Samir Mody K7 Computing
Dhanalakshmi V K7 Computing
The recent Android ransomware Koler/Simple Locker, despite leaving the device's contents unencrypted, necessitated special manual cleanup actions or dedicated cleanup tools from AV companies. The reason for this was very simple. The malware, granted Device Administrator status through clever social engineering, registers callbacks to Android OS daemon broadcasts, and persistently reacts first to these stimuli such that a splash screen with ransomware demands is displayed before the hapless user has the opportunity to access the GUI of the installed AV solution to effect a scan and cleanup. This behaviour even survives a reboot.
It is possible to recover from this unenviable situation by returning the device to factory settings, fiddling about with buttons to obtain 'safe mode', uninstalling the malware via the ADB, or by using dedicated tools, but these options are far from ideal for the device's owner.
The simple example above demonstrates the ease with which mobile security solutions can be rendered impotent even when the malware can be detected with ease. It sets a dangerous precedent for dealing with far more obdurate malware including those that could burrow deep into the OS. We ought not to wait for these scenarios before acting.
This presentation will demo a sample of Koler in action, highlighting the difficulties faced in attempting to clean the infection. We investigate the Android OS daemon broadcast framework and boot mechanism in detail, identifying stages which could present opportunities for malware to 'hook' into, highlighted by an analysis of the Koler code which registers the callbacks to display the splash screen within intervals of a couple of seconds. Finally, we propose an updated boot and broadcast framework that would enable trusted applications such as mobile security apps to launch before any other application, thus strengthening the hand of AV companies in the absence of a bona fide Real-Time Scanning ability on Android.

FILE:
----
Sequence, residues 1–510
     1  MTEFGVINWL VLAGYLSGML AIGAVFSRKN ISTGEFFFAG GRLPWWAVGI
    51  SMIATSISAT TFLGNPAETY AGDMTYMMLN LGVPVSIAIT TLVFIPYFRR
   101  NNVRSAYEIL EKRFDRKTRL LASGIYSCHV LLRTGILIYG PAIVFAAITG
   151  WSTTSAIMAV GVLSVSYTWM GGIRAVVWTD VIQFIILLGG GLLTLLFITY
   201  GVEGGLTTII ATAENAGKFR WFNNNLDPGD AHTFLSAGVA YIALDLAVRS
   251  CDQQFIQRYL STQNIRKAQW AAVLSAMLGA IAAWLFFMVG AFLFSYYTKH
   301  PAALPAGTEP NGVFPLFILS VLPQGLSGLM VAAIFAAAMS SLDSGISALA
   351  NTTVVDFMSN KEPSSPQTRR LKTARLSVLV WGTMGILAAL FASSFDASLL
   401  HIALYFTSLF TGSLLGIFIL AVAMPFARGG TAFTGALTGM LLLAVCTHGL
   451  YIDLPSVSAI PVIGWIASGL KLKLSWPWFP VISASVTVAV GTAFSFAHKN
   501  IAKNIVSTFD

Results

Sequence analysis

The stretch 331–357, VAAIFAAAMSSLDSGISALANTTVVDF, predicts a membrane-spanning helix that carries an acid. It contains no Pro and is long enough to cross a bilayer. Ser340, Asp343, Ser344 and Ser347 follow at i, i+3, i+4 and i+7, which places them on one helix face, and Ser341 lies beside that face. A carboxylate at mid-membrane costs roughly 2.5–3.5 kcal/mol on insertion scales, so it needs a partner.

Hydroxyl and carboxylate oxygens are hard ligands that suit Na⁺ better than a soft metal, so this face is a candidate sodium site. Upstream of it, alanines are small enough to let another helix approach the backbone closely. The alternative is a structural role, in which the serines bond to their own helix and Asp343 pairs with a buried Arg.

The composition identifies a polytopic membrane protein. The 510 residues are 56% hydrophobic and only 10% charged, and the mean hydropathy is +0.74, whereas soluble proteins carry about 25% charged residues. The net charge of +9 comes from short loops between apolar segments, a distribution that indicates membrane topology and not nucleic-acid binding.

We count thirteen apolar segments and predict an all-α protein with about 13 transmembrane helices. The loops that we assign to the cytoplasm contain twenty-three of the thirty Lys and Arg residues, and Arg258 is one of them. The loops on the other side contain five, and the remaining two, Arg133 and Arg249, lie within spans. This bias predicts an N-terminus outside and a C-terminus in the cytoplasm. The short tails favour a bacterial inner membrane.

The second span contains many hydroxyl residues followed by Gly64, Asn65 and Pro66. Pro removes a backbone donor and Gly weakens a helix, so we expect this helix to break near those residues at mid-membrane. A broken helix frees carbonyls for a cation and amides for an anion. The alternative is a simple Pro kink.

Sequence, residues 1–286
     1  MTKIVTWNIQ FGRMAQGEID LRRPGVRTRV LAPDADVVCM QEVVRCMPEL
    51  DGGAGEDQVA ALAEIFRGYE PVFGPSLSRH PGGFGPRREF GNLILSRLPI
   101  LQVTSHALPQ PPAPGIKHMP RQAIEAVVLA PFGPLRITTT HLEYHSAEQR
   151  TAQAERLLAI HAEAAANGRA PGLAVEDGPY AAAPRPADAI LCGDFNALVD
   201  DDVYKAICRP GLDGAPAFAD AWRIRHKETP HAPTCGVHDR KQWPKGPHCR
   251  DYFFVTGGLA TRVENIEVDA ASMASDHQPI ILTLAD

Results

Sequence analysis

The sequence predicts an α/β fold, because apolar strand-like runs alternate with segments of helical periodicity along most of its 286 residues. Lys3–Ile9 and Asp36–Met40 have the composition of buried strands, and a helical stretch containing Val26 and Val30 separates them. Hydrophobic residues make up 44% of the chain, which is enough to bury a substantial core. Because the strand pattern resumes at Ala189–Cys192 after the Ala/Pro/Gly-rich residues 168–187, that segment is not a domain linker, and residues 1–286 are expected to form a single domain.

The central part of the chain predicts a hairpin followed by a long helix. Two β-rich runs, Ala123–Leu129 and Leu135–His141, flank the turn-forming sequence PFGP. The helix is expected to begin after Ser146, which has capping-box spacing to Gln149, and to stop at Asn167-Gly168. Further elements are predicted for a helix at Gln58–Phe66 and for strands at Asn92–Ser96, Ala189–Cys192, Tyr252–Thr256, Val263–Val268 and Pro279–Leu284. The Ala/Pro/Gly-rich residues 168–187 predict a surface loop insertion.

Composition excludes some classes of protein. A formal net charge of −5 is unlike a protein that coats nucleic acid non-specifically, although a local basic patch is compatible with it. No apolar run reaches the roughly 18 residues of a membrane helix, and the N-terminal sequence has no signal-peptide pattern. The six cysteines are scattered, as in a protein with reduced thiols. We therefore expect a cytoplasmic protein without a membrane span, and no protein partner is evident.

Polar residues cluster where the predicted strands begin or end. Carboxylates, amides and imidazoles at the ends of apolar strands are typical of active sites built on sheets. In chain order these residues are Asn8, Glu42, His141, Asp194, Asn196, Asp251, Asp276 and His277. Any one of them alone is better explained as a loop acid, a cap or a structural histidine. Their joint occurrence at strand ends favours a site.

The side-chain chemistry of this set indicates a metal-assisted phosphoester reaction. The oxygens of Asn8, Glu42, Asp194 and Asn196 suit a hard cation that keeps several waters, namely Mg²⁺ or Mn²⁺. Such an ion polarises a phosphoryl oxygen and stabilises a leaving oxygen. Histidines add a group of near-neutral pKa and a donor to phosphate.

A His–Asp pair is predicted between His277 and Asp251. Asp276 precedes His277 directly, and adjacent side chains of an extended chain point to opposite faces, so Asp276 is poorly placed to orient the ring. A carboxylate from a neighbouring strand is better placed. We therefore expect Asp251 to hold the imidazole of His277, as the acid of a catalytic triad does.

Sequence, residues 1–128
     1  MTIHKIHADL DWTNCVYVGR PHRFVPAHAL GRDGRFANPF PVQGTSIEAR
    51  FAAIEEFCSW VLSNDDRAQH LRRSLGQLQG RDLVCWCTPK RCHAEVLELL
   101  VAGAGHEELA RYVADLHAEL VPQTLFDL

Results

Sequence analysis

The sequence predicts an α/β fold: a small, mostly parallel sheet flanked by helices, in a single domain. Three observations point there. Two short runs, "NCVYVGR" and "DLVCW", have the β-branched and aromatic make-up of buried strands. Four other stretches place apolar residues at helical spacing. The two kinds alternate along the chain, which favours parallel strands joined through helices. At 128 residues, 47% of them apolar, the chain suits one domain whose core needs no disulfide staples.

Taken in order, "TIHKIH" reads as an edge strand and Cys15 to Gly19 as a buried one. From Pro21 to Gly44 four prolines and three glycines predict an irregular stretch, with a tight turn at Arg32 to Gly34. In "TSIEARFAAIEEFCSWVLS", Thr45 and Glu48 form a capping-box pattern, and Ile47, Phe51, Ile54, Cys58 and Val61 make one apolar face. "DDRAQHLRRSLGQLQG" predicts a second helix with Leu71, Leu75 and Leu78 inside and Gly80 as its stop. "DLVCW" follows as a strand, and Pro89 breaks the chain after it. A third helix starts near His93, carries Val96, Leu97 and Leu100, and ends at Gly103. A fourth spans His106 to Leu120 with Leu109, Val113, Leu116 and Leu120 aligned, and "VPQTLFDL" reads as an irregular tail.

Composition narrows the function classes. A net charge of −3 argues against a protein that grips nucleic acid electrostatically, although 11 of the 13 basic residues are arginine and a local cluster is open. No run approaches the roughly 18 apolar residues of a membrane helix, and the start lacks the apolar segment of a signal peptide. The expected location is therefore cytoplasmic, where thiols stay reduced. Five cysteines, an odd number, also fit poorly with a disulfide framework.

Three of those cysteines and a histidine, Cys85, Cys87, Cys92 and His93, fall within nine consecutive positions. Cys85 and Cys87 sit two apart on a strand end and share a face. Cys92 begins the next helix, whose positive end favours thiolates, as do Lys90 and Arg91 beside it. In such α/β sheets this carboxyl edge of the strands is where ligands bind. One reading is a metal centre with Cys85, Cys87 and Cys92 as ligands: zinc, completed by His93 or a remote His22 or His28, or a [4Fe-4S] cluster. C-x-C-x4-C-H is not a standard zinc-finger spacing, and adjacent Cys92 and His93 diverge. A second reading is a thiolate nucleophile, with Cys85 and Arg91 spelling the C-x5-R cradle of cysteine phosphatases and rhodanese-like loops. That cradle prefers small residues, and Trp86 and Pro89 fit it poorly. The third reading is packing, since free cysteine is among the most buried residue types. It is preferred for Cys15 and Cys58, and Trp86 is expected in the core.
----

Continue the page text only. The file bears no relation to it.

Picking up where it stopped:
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Samir Mody graduated from the University of Oxford in 2000 with a Master's degree in chemical engineering, economics and management. Immediately after graduation he joined Sophos where he spent over nine years, the latter three of them as Threat Operations Manager of SophosLabs, UK. Since August 2010, as Senior Manager TCL, he has been running the Threat Control Lab at K7 Computing's head office in Chennai, India. Samir has actively contributed to the IEEE Taggant System project (http://standards.ieee.org/develop/indconn/icsg/amss.html) from its inception, and other industry initiatives such as AMTSO. He has co-authored and/or presented papers and participated in panel discussions at multiple international security conferences including EICAR, VB, and AVAR, and Government of India initiatives such as the National Cyber Safety Summit. Samir has also contributed to Virus Bulletin magazine, and of course to K7's blog (http://blog.k7computing.com). Samir's personal interests include reading (philosophy, politics, history, literature and economics), sport and classical music.
V.Dhanalakshmi, Senior Threat Researcher, has been with K7 Computing, Chennai, India for six years in K7's Threat Control Lab. Dhana graduated from Bharathiyar University, India in 2003 with a Bachelor's degree in electrical and electronics engineering. She started her career in March 2006 as Technical Support Executive - Virus Removal Team with Sutherland Global Services, Chennai. Later, she joined Technosoft Global Services, Chennai, and served as Threat Research Analyst till June 2008. She has presented papers at AVAR 2011 and AVAR 2013 conferences, and at the National Cyber Safety Summit 2013 conference organised by the Government of India. Her interests include listening to music and gardening.